Haven Gillespie (1888-1975)

"Santa's Herald"

This Covington songwriter crafted the holiday classic, "Santa Claus is Coming to Town"

“You'd better watch out. You'd better not cry. You’d better not pout. I’m telling you way—Santa Claus is coming to town.” This holiday warning, delivered to children annually from November to December 25, calls to mind the North Pole, chimneys across the world, and a jolly man in a red suit. Yet, the traditional Christmas song actually has roots that stretch back to northern Kentucky. Covington native James Haven Lamont Gillespie, or simply Haven Gillespie, penned the holiday classic in 1933. 

Gillespie was born in Covington in 1888. His formal education only lasted through fourth grade and Gillespie left to work as a “printers devil” in Chicago. While he maintained his membership in the typographical workers’ union for the rest of his life, he really focused on his songwriting career by the second decade of the twentieth century. 

Gillespie hit an unexpected commercial and cultural home run with "Santa Claus Is Coming To Town" in 1933. He was beset by personal tragedy, as his younger brother had recently passed away, when a New York contact asked him to write a holiday song. The resulting hit drew on his childhood memories of his mother warning him and his brother to be sure to wash behind their ears, or Santa would take notice. He spun the somewhat bittersweet memory of his own childhood Christmases' into the jaunty tune that has become such a staple in our holiday music. 

In the process, Gillespie's song has also become a formative piece of the lore attached to Santa. Generations of children have learned about Santa's powers (omniscience and moral clarity) and responsibilities (distributing rewards to the "nice" children and withholding rewards from the "naughty" kids who "cry" or "pout"). The implied agreement, good behavior in exchange for gifts from Santa, has helped countless parents channel their children's holiday excitement into less "naughty" activities.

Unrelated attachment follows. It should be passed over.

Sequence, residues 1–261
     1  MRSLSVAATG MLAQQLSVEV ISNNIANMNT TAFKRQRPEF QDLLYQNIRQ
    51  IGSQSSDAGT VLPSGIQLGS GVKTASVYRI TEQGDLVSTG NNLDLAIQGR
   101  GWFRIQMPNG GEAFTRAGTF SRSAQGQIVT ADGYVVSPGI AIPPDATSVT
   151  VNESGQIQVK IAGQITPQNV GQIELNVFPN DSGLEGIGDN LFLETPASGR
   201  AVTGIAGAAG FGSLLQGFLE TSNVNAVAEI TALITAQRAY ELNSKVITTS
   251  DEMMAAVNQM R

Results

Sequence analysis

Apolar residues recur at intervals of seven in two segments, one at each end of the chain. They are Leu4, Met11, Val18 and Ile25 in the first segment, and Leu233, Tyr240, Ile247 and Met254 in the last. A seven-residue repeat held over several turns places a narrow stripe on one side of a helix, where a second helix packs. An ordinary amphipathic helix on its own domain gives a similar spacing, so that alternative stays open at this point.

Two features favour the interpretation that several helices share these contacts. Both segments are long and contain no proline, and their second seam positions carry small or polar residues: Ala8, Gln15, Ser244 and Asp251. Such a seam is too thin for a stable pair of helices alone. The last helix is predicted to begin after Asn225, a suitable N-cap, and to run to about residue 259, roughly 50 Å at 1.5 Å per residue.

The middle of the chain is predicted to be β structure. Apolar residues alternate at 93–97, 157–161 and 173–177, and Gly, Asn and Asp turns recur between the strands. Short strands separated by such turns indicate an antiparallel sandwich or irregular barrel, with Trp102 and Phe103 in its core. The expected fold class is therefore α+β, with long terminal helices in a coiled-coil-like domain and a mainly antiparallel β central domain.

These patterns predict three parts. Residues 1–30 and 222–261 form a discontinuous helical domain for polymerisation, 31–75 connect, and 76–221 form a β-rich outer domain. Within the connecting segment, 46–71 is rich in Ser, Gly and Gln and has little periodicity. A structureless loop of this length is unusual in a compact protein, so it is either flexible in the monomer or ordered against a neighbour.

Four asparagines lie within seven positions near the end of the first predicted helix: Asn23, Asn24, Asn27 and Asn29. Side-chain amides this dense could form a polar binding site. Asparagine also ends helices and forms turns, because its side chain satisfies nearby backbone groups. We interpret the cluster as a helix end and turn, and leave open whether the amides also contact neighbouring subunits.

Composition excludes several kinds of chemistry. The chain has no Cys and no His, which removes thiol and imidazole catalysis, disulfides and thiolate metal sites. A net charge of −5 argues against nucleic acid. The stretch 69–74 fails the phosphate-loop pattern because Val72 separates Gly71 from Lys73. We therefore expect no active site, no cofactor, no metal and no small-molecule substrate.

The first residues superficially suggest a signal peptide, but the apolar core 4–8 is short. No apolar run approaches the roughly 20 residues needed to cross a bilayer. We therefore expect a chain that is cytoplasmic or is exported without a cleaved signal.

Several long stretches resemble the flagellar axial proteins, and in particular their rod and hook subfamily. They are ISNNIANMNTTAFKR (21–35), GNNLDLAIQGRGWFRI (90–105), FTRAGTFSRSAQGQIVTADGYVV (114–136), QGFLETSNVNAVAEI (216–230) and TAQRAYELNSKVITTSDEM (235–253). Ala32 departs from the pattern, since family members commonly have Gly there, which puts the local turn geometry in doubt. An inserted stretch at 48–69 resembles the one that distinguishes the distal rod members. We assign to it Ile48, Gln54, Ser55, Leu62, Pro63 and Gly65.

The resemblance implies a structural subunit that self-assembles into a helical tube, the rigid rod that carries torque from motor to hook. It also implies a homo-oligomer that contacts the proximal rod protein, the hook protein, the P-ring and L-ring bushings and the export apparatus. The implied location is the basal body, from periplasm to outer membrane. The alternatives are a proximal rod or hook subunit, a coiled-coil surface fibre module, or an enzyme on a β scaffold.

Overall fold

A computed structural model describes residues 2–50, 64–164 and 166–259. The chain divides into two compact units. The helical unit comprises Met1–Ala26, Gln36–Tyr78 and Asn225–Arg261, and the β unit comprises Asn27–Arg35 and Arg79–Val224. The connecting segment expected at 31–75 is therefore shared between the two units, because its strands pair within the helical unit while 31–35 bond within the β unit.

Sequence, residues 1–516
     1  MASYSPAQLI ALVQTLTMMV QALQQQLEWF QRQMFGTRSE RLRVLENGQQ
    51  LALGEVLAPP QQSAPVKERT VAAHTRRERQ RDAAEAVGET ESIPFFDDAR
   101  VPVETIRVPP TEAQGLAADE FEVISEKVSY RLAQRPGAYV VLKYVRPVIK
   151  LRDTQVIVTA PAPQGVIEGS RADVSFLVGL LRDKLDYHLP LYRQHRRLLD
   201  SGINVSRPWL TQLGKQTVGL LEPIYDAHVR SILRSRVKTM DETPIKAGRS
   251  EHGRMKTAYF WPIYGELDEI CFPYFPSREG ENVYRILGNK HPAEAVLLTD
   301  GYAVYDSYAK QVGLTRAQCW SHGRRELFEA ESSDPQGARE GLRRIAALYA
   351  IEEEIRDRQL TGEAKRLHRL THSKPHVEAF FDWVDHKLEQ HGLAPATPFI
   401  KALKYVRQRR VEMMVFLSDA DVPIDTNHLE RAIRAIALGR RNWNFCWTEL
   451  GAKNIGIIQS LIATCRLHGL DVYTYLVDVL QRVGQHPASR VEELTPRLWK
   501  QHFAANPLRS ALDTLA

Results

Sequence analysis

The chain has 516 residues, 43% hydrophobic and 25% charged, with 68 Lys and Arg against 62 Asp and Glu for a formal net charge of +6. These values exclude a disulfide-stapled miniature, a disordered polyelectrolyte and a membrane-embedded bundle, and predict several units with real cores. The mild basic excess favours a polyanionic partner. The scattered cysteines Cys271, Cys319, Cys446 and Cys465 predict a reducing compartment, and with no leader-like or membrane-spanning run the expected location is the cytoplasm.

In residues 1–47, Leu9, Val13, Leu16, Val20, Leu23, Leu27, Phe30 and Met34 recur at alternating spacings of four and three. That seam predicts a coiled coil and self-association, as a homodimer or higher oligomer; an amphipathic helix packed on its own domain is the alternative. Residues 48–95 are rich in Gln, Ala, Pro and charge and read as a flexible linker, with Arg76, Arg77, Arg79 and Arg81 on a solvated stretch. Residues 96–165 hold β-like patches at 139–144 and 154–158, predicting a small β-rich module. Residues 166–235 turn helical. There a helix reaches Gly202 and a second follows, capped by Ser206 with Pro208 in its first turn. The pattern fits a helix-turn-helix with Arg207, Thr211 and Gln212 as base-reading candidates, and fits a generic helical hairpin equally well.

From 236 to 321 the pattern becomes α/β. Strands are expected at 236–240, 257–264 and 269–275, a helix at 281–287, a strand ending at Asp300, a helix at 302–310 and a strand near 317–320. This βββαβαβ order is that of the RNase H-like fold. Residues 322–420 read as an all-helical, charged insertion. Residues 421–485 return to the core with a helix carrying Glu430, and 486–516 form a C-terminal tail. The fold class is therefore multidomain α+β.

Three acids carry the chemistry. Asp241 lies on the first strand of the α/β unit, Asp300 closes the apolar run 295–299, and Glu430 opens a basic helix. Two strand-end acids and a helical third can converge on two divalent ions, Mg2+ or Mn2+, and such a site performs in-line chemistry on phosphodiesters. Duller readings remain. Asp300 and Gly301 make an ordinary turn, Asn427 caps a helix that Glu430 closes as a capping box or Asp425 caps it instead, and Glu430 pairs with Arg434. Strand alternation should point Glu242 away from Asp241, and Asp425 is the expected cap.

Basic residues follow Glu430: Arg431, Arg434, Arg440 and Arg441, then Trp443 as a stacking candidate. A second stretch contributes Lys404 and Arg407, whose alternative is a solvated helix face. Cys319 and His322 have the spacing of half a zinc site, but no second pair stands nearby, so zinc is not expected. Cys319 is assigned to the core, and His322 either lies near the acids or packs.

While Gillespie's career often took him away from Kentucky, to New York City or the West coast, he maintained ties to the state and remained a Kentuckian. He even wrote a ditty about his hometown of Covington called "This Old Town," which was picked up in northern Kentucky papers in 1912. 

"This Old Town."
You may talk about some places you have been or you may go, 
You may rave about some things you've seen or folks that you may know,
But in my belief there's no relief while traveling around,
For I can find more pleasure here in This Old Town.
Covington looks mighty good to me; 
I'm as happy here as I can be.
You don't find me wasting time
While longing for gay Paree or Broadway--
"Home, Sweet Home," sounds mighty good to me;
I don't care to roam away, you see,
For every one looks like a friend to me
In This Old Town.

When the Maysville Public Ledger picked up the song, they simply replaced "Covington" with "Maysville" to capture their own local sentiment. 

Many of his songs became commercial successes, including hits like “Breezin’ Along with the Breeze,” “Drifting and Dreaming,” and “You Go To My Head,” which earned Gillespie tens of thousands of dollars in royalties. He approached the pinnacle of his songwriting success during 1949 when the top three songs in the country, “That Lucky Old Sun,” “The Old Master Painter,” and “God’s Country" were all written by Gillespie. Many of the most celebrated musicians of the twentieth century performed and recorded Gillespie songs, a partial list includes Frank Sinatra, Fats Waller, Nat King Cole, Bing Crosby, Josphine Baker, Jerry Lee Lewis, Rosemary Clooney, Dean Martin, Louie Armstrong, and George Strait. 

In 1961, when Gillespie was 73, a reporter for the Louisville Courier-Journal talked with the songwriter about his most famous creation. The reporter asked how he felt "when he hears his own 'Santa' song over and over, from juke boxes, five-and-dime stores, on radio and television, at Christmas concerts, and even from the Salvation Army on the street corners?" Gillespie responded to the effect that "it's sort of like a crazy man hitting himself on the head with a hammer--its awful good when it stops...but the royalties are so nice."

The marker reads:

Haven Gillespie (1888-1975)

The composer of "Santa Claus Is Comin' To Town" was a native of Covington. He attended local school, became a printer, and later employed by Cincinnati Times-Star and N.Y. Times. Gillespie's songs carried Americans through Great Depression and World War II; they include "Breezin' Along With the Breeze," "You Go To My Head," "Honey," and "That Lucky Old Sun." The marker was erected in 1988, a century after Gillespie was born.